Maria Bartiromo: Debt Was the Poison
In this interview, CNBC anchor Maria Bartiromo talks about covering Wall Street during the critical days and the aftermath of the Lehman Brothers collapse -- the subject of her new book, "The Weekend That Changed Wall Street."
Your book is a play-by-play of the Lehman collapse that took place two years ago. Since then, many books have already been written about the subject. Why did you think it was important to write your own version?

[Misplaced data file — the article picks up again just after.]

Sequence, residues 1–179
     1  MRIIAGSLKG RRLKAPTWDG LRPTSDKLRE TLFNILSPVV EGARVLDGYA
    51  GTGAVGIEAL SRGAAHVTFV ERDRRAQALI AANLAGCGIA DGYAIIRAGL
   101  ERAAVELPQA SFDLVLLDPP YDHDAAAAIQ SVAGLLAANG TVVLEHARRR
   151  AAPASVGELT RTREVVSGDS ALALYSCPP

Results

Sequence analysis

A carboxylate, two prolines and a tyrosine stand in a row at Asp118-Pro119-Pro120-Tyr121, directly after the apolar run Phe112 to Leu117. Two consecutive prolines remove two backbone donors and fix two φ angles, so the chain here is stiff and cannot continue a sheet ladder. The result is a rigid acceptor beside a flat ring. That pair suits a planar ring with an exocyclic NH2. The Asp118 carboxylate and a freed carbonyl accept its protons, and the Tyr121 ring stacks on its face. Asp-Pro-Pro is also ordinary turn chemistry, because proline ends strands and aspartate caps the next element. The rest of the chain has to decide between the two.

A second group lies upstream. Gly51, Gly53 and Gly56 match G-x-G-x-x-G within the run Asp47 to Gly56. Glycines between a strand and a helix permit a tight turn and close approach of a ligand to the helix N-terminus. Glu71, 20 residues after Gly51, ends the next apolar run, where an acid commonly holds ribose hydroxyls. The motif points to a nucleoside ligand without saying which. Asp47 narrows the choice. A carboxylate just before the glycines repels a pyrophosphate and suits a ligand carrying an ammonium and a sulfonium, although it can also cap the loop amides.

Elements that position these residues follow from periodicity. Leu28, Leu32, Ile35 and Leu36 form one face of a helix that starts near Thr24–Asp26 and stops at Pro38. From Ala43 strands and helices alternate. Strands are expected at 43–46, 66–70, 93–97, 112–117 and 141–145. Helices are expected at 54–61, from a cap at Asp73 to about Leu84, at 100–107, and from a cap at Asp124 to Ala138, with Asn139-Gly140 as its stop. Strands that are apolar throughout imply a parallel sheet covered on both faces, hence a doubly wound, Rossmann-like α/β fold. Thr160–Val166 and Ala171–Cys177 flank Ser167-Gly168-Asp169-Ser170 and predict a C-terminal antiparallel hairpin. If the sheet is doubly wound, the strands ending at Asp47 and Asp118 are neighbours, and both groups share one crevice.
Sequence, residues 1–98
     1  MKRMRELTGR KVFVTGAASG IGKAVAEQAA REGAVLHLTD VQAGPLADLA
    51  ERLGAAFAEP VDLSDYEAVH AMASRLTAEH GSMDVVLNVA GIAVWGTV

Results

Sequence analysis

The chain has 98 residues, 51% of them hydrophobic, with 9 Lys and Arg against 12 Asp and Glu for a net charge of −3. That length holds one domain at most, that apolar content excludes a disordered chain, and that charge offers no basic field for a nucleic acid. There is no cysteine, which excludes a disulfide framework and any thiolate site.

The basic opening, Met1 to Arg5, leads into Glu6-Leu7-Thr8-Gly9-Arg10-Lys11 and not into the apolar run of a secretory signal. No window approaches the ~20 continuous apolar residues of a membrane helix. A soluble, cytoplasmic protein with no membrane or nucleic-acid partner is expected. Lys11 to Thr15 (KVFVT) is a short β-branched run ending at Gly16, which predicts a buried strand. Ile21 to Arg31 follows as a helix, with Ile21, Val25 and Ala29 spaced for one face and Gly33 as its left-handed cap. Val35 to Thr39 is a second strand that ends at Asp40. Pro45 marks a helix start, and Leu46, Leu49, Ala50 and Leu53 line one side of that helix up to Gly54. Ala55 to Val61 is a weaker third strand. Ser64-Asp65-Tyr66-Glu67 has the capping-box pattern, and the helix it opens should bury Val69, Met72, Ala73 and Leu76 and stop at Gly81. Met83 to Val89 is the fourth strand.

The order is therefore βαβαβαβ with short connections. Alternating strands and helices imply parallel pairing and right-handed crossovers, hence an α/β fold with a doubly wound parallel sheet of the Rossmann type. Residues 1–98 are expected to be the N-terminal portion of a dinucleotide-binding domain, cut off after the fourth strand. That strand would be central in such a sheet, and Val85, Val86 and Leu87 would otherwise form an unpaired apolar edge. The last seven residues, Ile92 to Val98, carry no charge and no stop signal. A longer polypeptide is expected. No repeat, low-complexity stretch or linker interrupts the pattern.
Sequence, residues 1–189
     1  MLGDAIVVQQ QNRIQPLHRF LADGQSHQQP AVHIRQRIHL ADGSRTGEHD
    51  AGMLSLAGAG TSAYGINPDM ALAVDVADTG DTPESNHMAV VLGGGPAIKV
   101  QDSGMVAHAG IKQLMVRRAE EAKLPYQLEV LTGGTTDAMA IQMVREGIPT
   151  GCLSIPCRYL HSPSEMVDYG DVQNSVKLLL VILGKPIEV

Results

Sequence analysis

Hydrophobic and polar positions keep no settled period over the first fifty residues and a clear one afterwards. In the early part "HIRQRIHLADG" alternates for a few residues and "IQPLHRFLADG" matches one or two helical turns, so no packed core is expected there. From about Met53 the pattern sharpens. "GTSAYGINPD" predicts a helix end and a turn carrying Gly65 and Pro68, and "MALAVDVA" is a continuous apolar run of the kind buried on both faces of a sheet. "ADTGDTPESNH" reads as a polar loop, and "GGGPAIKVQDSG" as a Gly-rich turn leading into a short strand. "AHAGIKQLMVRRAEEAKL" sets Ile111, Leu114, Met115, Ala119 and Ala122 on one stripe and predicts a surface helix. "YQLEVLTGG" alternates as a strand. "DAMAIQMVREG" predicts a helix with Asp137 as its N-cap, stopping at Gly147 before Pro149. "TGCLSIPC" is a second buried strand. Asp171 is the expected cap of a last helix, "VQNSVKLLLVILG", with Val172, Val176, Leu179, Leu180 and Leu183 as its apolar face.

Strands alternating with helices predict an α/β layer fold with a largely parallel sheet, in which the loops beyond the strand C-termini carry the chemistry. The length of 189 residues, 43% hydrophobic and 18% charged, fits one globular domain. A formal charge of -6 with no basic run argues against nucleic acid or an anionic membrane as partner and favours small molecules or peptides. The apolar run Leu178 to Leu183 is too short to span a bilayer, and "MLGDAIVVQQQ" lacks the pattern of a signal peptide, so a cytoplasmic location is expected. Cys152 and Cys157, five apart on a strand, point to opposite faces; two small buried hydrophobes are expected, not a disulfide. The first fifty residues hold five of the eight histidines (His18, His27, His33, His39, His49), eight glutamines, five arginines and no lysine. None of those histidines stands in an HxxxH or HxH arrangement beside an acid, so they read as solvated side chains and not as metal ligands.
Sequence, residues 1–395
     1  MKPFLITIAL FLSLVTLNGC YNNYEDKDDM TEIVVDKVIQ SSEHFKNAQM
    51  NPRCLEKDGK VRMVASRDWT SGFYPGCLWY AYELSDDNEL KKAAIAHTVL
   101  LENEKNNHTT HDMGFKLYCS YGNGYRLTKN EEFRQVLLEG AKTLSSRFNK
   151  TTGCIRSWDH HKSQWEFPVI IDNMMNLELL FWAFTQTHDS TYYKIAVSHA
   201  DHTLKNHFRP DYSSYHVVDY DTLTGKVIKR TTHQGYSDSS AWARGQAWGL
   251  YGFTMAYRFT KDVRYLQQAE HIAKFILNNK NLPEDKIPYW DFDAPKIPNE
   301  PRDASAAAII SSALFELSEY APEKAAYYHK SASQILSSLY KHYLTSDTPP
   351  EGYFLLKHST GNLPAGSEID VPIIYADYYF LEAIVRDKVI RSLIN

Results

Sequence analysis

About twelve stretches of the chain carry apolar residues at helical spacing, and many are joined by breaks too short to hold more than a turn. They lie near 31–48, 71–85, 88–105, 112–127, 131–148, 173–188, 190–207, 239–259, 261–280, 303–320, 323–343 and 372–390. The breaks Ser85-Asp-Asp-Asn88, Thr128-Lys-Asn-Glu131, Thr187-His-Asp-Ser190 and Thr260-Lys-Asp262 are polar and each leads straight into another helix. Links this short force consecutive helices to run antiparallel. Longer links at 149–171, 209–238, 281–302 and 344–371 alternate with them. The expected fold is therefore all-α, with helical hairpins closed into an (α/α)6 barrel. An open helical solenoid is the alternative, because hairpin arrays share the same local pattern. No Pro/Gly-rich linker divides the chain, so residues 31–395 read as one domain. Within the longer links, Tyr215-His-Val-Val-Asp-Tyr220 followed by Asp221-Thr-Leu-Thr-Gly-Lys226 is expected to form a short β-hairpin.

Maria Bartiromo: I was able to take a step back before starting and I would like to believe I was able to give perspective because I did not write immediately after. I did not rush to write because there were many books out which did a great job of handling the weekend and the immediate collapse. I wanted to look at it a year later and include the Greek and European debt crisis, all the way to the financial regulatory reform because the crisis empowered a new administration to come up with heavier regulation. I felt that was a big part of the story.It's important to understand what went on that weekend, but I think it's equally critical to look at the immediate and longer term impact and lessons learned two years later. How debt was the poison for not just one company, one industry, one country but actually the globe. Did you observe any hero (or heroes) during that fateful weekend? Bartiromo: I think the players handled this very well. It was an extraordinary moment in time and I am happy we had that leadership at the wheel. At that point, most of the insiders on Wall Street handled themselves as well as could be expected. They did a good job of putting down their own competitive juices and instead worked together to get through this. I think they all understood that there was strong potential for a domino effect. Self preservation is an amazing instinct. Were you not concerned that writing this book -- divulging personal and unreported information on your sources -- would somehow affect your dealings with them going forward? Bartiromo: There is always a balance. Hardworking reporters find information that others can't find. CNBC for 20 years has played a critical role in democratizing the markets. It is important to be honest and transparent, but off the record information is always off the record. You write about how Wall Street has been forever changed by the collapse of Lehman Brothers. Has anything changed with the way you (and other members of the financial media) now cover Wall Street? Bartiromo: Twenty years of covering the markets -- and watching various booms and busts -- has made me a bit more skeptical. Jim Rogers, the international investor, once told me it's important to be a contrarian and to question things, especially when everything seems perfect. I agree. As a journalist, it is critical to question and kick the tires of a whole host of subjects and stories. Was there any reason home prices in Phoenix, for example, rose 40% year over year in 2006? Was the school system any better? Was the infrastructure any different? No. It was just a mania that caused people to have urgency about getting in "now." It is important to remember the simple basics. If it looks too good to be true, it probably is. I am proud of the way CNBC handled this financial crisis. We are built for balance. We do more than 120 interviews a day here in the United States and more than 850 globally. The goal is always to get the best and brightest minds to debate each critical issue. Many of the biggest bears like Peter Schiff, Nouriel Roubini and David Einhorn appeared on our air repeatedly throughout the crisis and oftentimes they were matched against investors who thought the market was going to continue to grow. When combined with multiple interviews with George Soros and Warren Buffett, it should not have been a surprise that the housing market was overpriced and it could have an impact on the economy as a whole. We talk a lot about how Wall Street has changed. In your opinion, have things really changed? Bartiromo: Many things have changed. First, we have a much tighter regulatory environment. The crisis empowered a new sheriff in town to push through bigger government regulation and higher expenses for business. This will continue to evolve with new requirements coming from the
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